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Controversy: Sweatshop Labor Defenders of sweatshops, such as Paul Krugman, claim that people choose to work in sweatshops because the sweatshops offer them substantially higher wages and better working conditions compared to their previous jobs of manual farm labor, and that sweatshops are an early step in the process of technological and economic development whereby a poor country turns itself into a rich country. Economists are focused on “trade offs” and when it comes to sweatshops, they ask whether the alternative of unemployment or even worse employment is better. In addition, sometimes when anti-sweatshop activists were successful in getting sweatshops to close, some of the employees who had been working in the sweatshops ended up starving to death, while others ended up turning to prostitution. BA 210 Lesson I.3 Trade 35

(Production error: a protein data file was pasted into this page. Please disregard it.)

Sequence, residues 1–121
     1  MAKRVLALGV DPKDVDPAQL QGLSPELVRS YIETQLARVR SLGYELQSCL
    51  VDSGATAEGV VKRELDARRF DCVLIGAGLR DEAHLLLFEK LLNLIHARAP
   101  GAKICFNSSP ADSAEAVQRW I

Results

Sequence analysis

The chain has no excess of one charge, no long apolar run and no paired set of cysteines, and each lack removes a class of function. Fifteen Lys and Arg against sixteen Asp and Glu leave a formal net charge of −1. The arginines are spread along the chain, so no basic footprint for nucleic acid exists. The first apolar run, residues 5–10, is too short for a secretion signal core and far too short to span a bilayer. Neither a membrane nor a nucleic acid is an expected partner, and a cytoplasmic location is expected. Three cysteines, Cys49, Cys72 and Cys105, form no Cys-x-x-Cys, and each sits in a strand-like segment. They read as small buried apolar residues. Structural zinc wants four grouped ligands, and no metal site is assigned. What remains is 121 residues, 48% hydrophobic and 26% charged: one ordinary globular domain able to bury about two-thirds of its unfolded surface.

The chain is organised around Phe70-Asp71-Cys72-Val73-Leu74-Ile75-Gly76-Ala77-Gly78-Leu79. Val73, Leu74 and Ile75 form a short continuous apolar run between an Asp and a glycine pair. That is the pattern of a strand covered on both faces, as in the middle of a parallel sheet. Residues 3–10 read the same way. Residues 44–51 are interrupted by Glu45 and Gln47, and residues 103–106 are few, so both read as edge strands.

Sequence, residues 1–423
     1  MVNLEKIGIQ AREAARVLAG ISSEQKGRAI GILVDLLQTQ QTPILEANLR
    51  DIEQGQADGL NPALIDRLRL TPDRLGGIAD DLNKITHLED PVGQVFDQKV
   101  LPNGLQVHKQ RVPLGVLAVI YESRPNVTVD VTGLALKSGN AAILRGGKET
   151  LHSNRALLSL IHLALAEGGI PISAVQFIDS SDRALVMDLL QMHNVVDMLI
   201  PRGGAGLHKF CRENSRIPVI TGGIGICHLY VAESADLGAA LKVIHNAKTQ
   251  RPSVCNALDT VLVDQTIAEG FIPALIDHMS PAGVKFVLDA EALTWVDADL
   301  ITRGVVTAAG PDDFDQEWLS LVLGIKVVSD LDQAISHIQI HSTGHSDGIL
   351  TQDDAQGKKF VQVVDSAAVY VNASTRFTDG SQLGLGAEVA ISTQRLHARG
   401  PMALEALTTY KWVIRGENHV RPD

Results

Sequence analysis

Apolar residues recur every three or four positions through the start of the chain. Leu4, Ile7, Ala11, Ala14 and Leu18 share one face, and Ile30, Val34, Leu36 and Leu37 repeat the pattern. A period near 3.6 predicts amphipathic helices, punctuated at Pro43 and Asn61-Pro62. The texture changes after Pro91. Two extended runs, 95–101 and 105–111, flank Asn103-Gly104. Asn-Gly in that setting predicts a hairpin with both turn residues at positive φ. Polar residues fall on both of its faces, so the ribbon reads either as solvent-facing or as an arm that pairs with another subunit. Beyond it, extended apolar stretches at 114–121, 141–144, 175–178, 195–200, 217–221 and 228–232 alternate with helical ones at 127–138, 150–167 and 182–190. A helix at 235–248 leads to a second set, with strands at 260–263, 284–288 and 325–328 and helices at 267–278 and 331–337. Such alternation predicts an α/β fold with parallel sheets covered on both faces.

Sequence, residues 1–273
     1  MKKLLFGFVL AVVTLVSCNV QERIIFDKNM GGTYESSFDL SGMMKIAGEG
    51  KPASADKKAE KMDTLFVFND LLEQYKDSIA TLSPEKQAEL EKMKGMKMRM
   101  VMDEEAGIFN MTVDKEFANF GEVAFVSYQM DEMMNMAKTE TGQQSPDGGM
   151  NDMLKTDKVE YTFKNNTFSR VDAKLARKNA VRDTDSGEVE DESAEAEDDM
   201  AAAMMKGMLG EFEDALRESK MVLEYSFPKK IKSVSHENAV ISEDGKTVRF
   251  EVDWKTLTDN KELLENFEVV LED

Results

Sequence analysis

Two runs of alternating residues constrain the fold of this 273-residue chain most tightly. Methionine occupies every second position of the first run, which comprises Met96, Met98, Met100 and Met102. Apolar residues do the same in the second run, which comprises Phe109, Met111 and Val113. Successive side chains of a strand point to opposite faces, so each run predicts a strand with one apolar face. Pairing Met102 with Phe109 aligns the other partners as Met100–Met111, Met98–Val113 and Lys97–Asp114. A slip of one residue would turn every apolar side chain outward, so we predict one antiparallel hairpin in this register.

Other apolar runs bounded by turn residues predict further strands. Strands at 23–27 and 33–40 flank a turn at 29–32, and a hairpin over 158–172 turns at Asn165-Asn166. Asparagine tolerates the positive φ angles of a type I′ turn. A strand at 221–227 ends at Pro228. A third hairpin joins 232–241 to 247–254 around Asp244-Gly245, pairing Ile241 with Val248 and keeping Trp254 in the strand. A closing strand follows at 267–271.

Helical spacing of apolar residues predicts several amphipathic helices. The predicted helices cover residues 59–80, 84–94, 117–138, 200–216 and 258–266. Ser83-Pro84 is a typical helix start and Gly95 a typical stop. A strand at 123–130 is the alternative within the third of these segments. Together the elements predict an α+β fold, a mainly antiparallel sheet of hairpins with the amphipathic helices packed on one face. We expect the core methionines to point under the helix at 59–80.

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Entrepreneurship: is it good enough to be social? John F. McVea and Michael J. Naughton Introduction • The term Social Entrepreneurship has experienced a huge growth in influence over that last decade. The literature proposes a number of advantages to social entrepreneurship as a frame of reference: • Promoting innovation within non-profits • Leveraging and focusing scarce philanthropic resources • Faster response to strategic challenges • Infusion of business skills to non-business world • Involvement of non government assets in social problems • Creation of hybrid (blurred) organizations between for profit and non profit worlds. It is widely observed that practice has outpaced theoretical development leading to little agreement on definitions or frameworks for social entrepreneurship. We believe that widespread and unchallenged acceptance of the term Social Entrepreneurship masks some dangers and has contributed to confusion in the field. We believe that if we apply some insights from Catholic Social Teaching to the issue of social entrepreneurship we can move beyond the false dichotomy of Entrepreneurship/ Social Entrepreneurship and identify three specific entrepreneurial strategies which support a more robust discussion of the nature of the work that is entrepreneurship. We believe that the field would benefit from spending less time discussing social entrepreneurship and more time discussion the nature of the good entrepreneur. • • • • • The dangers of naïve acceptance of Social Entrepreneurship • • • The rhetorical risk: • Narrow definition: if S.E. is simply used to rebrand non-profits then much of the value of the new activities, hybrid design, stimulation of new resources and innovation is lost. • Implied dichotomy: if “good” ventures are termed “social” it can imply that other forms of entrepreneurship are “asocial” or “anti social” • Boundarylessness: In contrast, if all business activities are deemed “social”, to some degree or other, then the term loses all meaning focus on the distinctive phenomenon that is S.E. Despite these risks we are more concerned with a risk beyond rhetoric; the risk of undermining the meaning of work, particularly from the perspective of Catholic Social Teaching. While this perspective is drawn from the Catholic tradition, accepting the content of CST does not require acceptance of Catholic faith (Guitan, 2009). The three goods of social entrepreneurship • We are concerned by the side-effects of a concentration thesis that suggests that the moral responsibilities of entrepreneurship can be concentrated in a subset of businesses called social enterprises, presumably leaving other enterprise to simply concentrate on serving themselves. • We are concerned by the impact such a concentration thesis could have on the conception of the meaning of work beyond the world of social enterprise. • We are concerned with how such an approach can focus attention solely on the altruistic contributions of entrepreneurial ventures as the sole measure of their contribution to the Common Good • Instead we propose that, rather than trying to determine the difference between entrepreneurship and social entrepreneurship, it would be more productive to focus on the questions “What is Good Entrepreneurship? What action and activities define that goodness?” • We further propose that, by apply the perspective of Catholic Social Teaching, we can identify three specific strategies through which entrepreneurial ventures may contribute to the Common Good thus suggesting that good entrepreneurship requires a focus on: 1. Good Goods. The primary way an entrepreneurial venture can contribute to the Common Good is by bringing into existence new products and services which are inherently good and which enrich lives and minimize any unintended harms. This can include what we call the “entrepreneurship of the mundane”, that is, the manufacture of the nuts and bolts and basic necessities of life as well as the creation of life saving treatments. However, inclusion of good goods as a primary moral contribution of entrepreneurship must also require of the entrepreneur analysis of what goods are not good, and what aspects of even good goods should be redesigned or rethought in order to minimize unintended consequences. We find, in our discussions, that this is a much under appreciated dimension of the good of entrepreneurship. 2. Good Work. The second way an entrepreneurial venture can contribute to the Common Good is through the nature of the work that is carried out by the venture. This dimension has several aspects both internal and external to the entrepreneur: • The development of good character in the entrepreneur. This aspect of the good is derived from the subjective dimension of work, that is, just as how-we-work ends up changing the world, so working-on-the-world changes us. Most professionals spend the majority of their waking hours at work. As habits, character and wisdom are developed through experience and activity, for the entrepreneur, doing good work is an important opportunity to develop character. Society as a whole is better off for having good, successful entrepreneurial leaders who, through that calling, can become leaders of character. This dimension of the entrepreneurial good is widely unappreciated even by entrepreneurs themselves • Good relations with employees, customers and other stakeholders. Value creation and trade creates opportunities for the building of social relationships. The central question is “Are you in good relation with those with whom you create value?’ Do your employees have opportunity to develop as people? 3. Good Wealth. The third way the good entrepreneur can contribute to the Common Good is through the creation of good wealth. Good wealth requires a balance of reward for labor/ creativity with the provision of a living wage to all. Good wealth is often captured by individual action but has social strings attached. From the CST perspective the creation of good wealth implies a particular solidarity with the poor. One way to contribute to the common good is to donate altruistically to those in need. But even here, altruism is only one of a number of possible strategies. Good entrepreneurs may also contribute by donating their time or their particular skills. Indeed, since the donation of time and work often requires physical interaction with those in need, it often generates a solidarity of far greater integrity. Finally, it must be emphasized that altruism, for the entrepreneur, is always dependent, indeed subsequent to the creation of good wealth in the first place. Literature cited Alvord, Sarah, David L. Brown, and Christine W. Letts, 2004. “Social Entrepreneurship and Societal Transformation: An Exploratory Study,” The Journal of Applied Behavioral Science. 40:260. Benedict XVI, Caritas et veritate,   Boschee, Jerr. 1998 “What does it take to be a social entrepreneur?” National Centre for Social Entrepreneurs (www.socialentrepreneurs.org/whatdoes/html), 5pp.   Cannon, Carl. 2000. “Charity for profit: how the new social entrepreneurs are creating good by sharing wealth” National Journal, June 16: 1898-1904.   Christie, Michael and Benson Honig. 2006. “Social entrepreneurship: New research findings.” Journal of World Business. 41: 1-5.   Dees, Gregory, J., 1998. “The Meaning of ‘Social Entrepreneurship,’” Original Draft: 10/3.   Drucker, P.F. 1985. Innovation and Entrepreneurship. New York: Harper & Row.   Fowler, Alan. “NGDOs as a moment in history: beyond aid to social entrepreneurship or civic innovation?” Third World Quarterly, 21(4): 637-654.   Gregg, S. and G. Preece: 1999, Christianity and Entrepreneurship (The Centre for Independent Studies Limited, St. Leonards, NSW, Australia).   Hibbert, Sally A., Gillian Hogg and Theresa Quinn. “Consumer response to social entrepreneurship: The case of the Big Issue in Scotland.” International Journal of Nonprofit and Voluntary Sector Marketing. 7(3): 288-301.   Johnson, Sherrill, 2000. “Literature Review on Social Entrepreneurship,” Canadian Center for social Entrepreneurship. (http://www.bus.ualberta.ca/ccse/Publications/).   John Paul II, Pope.: 1992 Laborem Exercens (On Human Work): 1981, in D. J. O’Brien and T. A. Shannon, (eds.), Catholic Social Thought (Orbis Books, Maryknoll, NY).   John Paul II, Pope.: 1992 Sollicitudo Rei Socialis (On Social Concern): 1987 in D. J. O’Brien and T. A. Shannon, (eds.), Catholic Social Thought (Orbis Books, Maryknoll, NY).   Kennedy, R., G, Atkinson, and M. Naughton, (eds.): 1994, Dignity of Work: John Paul II Speaks To Managers and Workers (University Press of America, Lanham, Maryland).   Mair, Johanna and Ernesto Noboa, 2003. “Social Entrepreneurship: How Intentions to Create a Social Enterprise get Formed,” IESE Business School.   Mair, Johanna and Ignasi Marti, 2006. “Social entrepreneurship research: A source of explanation, prediction, and delight,” Journal of World Business. 41: 36-44.   Melé, D.:2001, ‘A Challenge for Business Enterprises: Introducing the Primacy of the Subjective Meaning of Work in Work Organization’, (http://www.stthomas.edu/cathstudies/cst/mgmt/le/papers/mele.htm) Conclusions We have argued that, while there is great promise in the contemporary social entrepreneurship movement, there are also a number of important dangers. We propose that, if we confront rather than acquiesce to these dangers, we can use the perspective of Catholic Social Teaching to broaden the scope of entrepreneurial ventures that we study, to enrich the moral dimension of entrepreneurial strategy and to deepen the teaching of entrepreneurship as a whole. We recommend the following to move toward these contributions: • Incorporate social entrepreneurship into entrepreneurship in a way that enhances the three goods of entrepreneurship. Specifically we propose replacing the questions “What is social entrepreneurship?” with the questions “What does it mean to be a Good entrepreneur?” From this perspective we can then apply what we have called the three goods of entrepreneurship as a means of supplying critical challenge and inspiration to all forms of entrepreneurship such that the true moral dimension of this critical force in our lives comes into fruition. • Encourage research within the entrepreneurship discipline that addresses traditional social entrepreneurial issues such as micro lending, fair trade products, etc. • Develop bridge courses such as Theo/Cath 306 which help students understand and experience the meaning of the good entrepreneur as well as connect students to the spiritual and moral principles of a good entrepreneur. • Expose entrepreneurship students to so-called social entrepreneurs as well so-called conventional good entrepreneurs so they can see the spectrum of entrepreneurial activities. © File copyright Colin Purrington. You may use for making your poster, of course, but please do not plagiarize, adapt, or put on your own site. Also, do not upload this file, even if modified, to third-party file-sharing sites such as doctoc.com. If you have insatiable need to post a template onto your own site, search the internet for a different template to steal. File downloaded from http://colinpurrington.com/tips/ academic/posterdesign. Acknowledgments I am indebted to Michael Naughton and Laura Dunham for their reflections and thoughts on this paper.